Monday, March 30, 2009
If Kline and the GOP really believe Americans prefer an economic meltdown while they do NOTHING, then they weren't paying attention during the last election.
Tuesday, March 10, 2009
John Kline says his act would prohibit unions from coercing employee through a 'card check' system...which Kline describes as "notorious for coercion and intimidation". So I did some checking....
The facts tell a completely different story. In the last 60 years there have been 46 cases of Union Coercion while in the last year alone there were more than 3,000 cases of Employers Coercion ...hmm...Yes there is coercion Mr. Kline, but the facts show it’s on behalf of employers against workers and union organizers!
National Labor Relations Board (NLRB) elections are also characterized by an extraordinary level of illegal activity… One out of every 17 eligible voters in NLRB elections is fired, suspended, demoted or otherwise economically punished for supporting unionization. Most end up losing their jobs while employers continue to practice these illegal and harassing activities t0 further their interests of a union-free workplace.
Kline would have you believe that a secret ballot is a fundamental principle of America, but the employer company controlling and running a secret ballot actually makes the process less democratic. The current National Labor Relations Board (NLRB) election system is a secret ballot election—but in fact it's not like any democratic election held anywhere else in our society. It's really a management-controlled election process.
The corporations control the information workers can receive and routinely poison the process by intimidating, harassing, coercing and even firing people who try to organize unions. No employee has free choice after being brow-beaten by a supervisor to oppose the union or being told they may lose their job and livelihood if workers vote for the union.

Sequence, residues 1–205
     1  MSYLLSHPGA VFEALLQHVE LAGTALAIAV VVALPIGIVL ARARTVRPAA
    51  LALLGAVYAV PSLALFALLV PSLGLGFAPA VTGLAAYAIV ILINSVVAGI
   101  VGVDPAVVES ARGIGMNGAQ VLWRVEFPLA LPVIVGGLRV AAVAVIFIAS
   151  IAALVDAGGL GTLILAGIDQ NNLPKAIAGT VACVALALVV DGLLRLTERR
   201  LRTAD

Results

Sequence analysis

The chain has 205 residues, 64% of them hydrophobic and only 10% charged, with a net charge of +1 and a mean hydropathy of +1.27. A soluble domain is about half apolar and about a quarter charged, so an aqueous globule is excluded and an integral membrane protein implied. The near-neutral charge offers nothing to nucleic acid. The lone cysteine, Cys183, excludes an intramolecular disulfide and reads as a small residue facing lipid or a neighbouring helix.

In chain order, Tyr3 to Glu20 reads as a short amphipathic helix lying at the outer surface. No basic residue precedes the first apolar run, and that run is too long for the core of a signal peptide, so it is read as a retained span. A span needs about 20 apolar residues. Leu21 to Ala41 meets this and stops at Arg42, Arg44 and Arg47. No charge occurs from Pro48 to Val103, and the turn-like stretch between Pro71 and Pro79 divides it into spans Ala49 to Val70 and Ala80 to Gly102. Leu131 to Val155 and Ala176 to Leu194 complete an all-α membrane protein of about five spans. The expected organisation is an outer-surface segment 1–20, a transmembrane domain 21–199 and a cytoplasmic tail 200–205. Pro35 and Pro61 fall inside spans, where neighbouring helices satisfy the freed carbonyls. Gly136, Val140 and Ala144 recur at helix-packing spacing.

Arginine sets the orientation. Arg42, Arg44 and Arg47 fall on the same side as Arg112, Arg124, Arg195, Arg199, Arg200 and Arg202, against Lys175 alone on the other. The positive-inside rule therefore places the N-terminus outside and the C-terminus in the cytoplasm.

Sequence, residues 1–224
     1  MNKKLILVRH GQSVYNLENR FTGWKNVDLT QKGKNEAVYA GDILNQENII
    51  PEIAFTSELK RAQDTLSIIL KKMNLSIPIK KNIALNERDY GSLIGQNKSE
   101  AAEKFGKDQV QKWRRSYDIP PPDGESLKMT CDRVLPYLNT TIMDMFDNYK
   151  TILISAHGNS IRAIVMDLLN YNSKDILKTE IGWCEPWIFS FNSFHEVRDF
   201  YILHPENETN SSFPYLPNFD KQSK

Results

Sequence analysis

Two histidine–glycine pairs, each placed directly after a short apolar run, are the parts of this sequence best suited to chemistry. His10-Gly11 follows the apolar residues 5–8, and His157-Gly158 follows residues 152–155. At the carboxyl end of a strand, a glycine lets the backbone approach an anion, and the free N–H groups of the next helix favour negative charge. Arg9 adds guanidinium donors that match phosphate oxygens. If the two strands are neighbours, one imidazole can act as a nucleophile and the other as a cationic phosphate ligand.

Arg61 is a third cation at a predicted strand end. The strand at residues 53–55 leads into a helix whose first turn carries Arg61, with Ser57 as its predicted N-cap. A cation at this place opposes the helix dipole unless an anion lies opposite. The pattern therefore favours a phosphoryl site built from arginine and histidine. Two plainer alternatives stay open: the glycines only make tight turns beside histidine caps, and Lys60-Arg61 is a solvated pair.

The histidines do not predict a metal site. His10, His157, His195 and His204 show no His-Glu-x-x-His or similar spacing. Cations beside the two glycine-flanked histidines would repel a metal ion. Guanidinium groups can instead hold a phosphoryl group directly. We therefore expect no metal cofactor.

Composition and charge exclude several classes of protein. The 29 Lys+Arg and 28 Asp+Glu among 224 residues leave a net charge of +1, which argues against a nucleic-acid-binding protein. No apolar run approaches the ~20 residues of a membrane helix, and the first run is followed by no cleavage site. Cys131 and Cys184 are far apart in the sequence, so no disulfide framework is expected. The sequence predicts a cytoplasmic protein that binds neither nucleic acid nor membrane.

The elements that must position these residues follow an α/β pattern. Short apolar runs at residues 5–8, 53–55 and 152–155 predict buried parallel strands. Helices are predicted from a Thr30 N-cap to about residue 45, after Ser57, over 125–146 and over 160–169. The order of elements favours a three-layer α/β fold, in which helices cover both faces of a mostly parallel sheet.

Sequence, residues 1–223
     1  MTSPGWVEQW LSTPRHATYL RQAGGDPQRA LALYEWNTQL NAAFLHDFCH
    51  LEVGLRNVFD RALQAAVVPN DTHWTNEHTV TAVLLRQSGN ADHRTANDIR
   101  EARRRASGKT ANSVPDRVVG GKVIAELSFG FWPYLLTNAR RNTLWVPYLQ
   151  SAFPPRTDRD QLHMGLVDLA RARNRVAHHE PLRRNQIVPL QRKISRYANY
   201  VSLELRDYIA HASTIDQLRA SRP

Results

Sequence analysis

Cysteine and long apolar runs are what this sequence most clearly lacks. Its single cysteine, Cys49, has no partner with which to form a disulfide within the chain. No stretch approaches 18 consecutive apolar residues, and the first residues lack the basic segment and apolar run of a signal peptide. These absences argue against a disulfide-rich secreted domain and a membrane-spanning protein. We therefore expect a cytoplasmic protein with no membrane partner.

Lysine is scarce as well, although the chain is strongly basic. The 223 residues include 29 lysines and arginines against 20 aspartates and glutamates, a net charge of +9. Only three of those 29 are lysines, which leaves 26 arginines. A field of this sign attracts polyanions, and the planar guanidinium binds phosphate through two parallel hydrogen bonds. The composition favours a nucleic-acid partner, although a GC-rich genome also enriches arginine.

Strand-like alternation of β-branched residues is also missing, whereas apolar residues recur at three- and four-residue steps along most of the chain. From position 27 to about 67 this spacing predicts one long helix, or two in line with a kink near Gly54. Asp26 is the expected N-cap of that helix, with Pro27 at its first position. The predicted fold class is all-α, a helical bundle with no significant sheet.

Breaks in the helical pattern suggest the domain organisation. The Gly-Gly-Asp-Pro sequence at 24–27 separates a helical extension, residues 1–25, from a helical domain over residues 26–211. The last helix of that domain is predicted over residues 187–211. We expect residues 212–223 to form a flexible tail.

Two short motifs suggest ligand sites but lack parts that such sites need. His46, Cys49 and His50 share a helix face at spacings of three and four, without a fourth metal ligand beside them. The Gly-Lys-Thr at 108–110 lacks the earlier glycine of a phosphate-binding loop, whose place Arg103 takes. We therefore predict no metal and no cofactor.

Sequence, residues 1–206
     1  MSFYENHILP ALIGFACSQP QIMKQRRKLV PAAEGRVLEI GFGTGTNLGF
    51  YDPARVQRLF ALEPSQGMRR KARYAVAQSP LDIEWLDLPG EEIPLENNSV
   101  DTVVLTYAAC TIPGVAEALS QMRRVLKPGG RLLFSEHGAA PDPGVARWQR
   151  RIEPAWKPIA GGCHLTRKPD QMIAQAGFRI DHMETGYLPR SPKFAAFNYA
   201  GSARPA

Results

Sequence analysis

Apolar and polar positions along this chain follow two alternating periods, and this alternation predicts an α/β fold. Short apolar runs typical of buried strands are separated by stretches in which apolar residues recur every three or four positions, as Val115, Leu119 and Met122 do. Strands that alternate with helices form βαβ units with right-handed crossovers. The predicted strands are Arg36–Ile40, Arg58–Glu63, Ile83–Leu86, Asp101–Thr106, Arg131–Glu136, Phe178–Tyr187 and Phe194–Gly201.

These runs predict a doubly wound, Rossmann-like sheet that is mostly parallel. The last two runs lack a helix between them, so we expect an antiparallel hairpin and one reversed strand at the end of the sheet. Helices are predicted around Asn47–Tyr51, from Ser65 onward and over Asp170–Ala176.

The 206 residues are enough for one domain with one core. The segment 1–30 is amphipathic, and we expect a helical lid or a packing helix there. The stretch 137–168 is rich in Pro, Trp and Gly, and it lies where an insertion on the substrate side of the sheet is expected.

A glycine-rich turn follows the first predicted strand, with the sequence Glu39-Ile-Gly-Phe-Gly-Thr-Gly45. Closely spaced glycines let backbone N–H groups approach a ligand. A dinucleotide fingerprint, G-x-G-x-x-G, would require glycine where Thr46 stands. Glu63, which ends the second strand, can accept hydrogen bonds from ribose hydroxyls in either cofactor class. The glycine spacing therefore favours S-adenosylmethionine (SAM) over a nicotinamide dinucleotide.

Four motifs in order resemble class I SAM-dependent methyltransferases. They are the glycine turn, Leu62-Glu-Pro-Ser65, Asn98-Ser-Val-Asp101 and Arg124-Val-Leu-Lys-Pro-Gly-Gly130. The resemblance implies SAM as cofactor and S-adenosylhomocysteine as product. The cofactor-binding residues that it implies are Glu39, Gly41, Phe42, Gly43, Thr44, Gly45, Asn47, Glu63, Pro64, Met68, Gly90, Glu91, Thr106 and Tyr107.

And in case you're wondering why Kline and Big Corporation want unions to stay out of their business consider this:
- Union workers are 63 percent more likely to have employer-sponsored health insurance.
- Union workers are 77 percent more likely to have short term disability benefits
Unions enable their members to have jobs that are capable of sustaining a middle-class standard of living, with dignified wages, leave policies, health care, and retirement plans. Workers represented by unions earn, on average, 30% more than nonunion workers. And 79% of union members have employer-provided health insurance, compared with 50% of nonunion workers. The rates are nearly identical for employer-sponsored retirement plans. The benefits of union membership are most pronounced for people of color and for women
In areas where unions represent a high proportion of workers a particular industry, they can even help to raise industry standards across-the-board: improving wages and job quality even for workers who aren’t members. Not surprisingly, as union membership has declined over the past decades, the middle-class squeeze has intensified.
Unlike like John Kline's FEAR Act, the Employee Free Choice Act would restore that right, streamlining the process for employees to decide on union representation. Predictably, corporations and those that are their flunkies like John Kline would rather not pay higher living wages or contribute to employee health care. Presently the system to form a union under the Employee Free Choice Act would remain the same if passed. The only difference is the Employees NOT the Employers would decide which method to be used to form a union. Either a Secret Ballot Election or a Card Check.
The Employee Free Choice Act streamlines procedures for employees to decide on union representation and bargain a first contract. Under this bill, a union would be automatically recognized in a workplace when a majority of employees sign cards stating that they want to be represented by that union. To facilitate agreement on a first contract for employees after the union is recognized, the bill enables either the union or management to refer any disputes about the contract to mediation if an accord has not been reached within 90 days after bargaining begins. If the mediator is unable to reach a deal within an additional 30 days, the dispute will go to binding arbitration.